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Entertainment, Food & Beverage

Beach Boys back to surf

The group overcome tragedy, enmity and lawsuits for their current 50th-anniversary tour
The Straits Times - August 21, 2012
By: John Lui
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Beach Boys back to surf The Beach Boys in their prime and today (above,from left) Bruce Johnston, Brian Wilson, Mike Love, Al Jardine and David Marks. -- PHOTOS: GUY WEBSTER, CAPITOL PHOTO ARCHIVES

They love The Beach Boys in Japan. On this muggy Thursday night in Chiba City, an hour's train ride out of downtown Tokyo, the band will be playing their first Japanese show in over 30 years with all core members present.

This being the nation where Americana, especially that of the rock 'n' roll variety, is taken seriously, many men turn up in the standard fan attire of Hawaiian shirts.

But half the crowd of 12,000 here to see the band on their 50th Anniversary Reunion Tour are the same age as the grandchildren of the septuagenarian musicians. The fans, born long after drug addiction and musical differences had ripped the band apart, know the words and sing along with the choruses.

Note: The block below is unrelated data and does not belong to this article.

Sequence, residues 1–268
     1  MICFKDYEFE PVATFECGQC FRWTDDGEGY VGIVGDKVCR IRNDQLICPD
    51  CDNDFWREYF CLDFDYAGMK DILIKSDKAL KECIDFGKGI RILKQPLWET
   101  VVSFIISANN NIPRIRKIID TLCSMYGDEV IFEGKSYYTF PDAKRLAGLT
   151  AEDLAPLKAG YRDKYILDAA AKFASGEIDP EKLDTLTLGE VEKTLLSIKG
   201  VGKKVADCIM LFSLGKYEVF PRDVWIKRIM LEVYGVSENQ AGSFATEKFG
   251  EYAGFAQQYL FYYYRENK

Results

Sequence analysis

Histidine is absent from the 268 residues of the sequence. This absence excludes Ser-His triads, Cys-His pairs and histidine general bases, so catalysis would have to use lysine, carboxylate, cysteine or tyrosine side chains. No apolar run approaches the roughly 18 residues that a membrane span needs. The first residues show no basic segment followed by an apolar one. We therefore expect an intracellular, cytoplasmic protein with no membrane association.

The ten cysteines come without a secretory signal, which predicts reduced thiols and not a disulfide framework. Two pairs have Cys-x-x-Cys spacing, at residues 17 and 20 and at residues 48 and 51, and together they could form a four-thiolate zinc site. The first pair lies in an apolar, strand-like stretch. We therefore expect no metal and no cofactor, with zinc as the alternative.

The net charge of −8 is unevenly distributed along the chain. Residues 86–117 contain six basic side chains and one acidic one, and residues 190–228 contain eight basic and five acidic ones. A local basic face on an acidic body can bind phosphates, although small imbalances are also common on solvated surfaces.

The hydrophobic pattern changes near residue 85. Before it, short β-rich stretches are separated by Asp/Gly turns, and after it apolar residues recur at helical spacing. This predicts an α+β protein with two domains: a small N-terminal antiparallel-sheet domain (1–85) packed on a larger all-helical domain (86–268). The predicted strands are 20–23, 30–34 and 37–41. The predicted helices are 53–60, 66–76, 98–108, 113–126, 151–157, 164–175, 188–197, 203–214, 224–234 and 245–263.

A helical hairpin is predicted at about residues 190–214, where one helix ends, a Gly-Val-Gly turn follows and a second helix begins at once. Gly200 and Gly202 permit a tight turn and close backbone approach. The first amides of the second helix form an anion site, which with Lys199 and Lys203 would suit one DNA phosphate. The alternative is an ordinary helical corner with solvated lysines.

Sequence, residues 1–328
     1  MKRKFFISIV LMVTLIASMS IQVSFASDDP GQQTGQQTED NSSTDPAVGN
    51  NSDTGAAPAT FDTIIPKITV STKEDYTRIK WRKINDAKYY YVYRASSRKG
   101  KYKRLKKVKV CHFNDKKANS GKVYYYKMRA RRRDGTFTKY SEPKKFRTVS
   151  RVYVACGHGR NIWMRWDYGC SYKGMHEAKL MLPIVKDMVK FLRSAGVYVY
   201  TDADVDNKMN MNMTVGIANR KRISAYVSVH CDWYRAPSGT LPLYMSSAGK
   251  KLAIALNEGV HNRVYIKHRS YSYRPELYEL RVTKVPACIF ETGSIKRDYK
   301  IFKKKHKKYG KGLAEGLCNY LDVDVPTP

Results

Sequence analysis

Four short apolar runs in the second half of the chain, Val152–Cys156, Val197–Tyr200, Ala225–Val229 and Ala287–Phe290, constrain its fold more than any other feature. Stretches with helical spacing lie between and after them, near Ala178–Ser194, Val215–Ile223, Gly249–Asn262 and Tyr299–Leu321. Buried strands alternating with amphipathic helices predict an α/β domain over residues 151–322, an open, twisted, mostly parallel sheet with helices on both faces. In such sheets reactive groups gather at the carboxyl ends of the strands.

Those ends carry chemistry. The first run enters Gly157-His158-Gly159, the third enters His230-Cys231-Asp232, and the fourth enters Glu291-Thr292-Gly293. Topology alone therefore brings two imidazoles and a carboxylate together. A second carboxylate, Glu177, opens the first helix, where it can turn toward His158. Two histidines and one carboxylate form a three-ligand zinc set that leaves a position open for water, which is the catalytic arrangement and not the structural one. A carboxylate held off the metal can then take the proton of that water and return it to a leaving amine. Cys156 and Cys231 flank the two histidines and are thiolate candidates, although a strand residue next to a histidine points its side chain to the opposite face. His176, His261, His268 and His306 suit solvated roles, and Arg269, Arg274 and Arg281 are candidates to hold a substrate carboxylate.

The tour touches down here tomorrow night at the Singapore Indoor Stadium.

The lights come on and cheers ring out for Mike Love, 71, Bruce Johnston, 70, Al Jardine, 69, and David Marks, 63, as one by one, they bounce onto the stage.

The loudest cries at the QVC Marine Field, a baseball stadium, are for the last member to be introduced: Brian Wilson.

The mentally tortured and physically fragile genius behind many of the band's biggest hits walks slowly to his keyboard seat, helped by an assistant. Then, for a breathless 1½ hours, The Beach Boys and a nine-piece backing band tear through the catalogue of hits - Little Deuce Coupe, I Get Around, Don't Worry Baby, California Girls and Good Vibrations.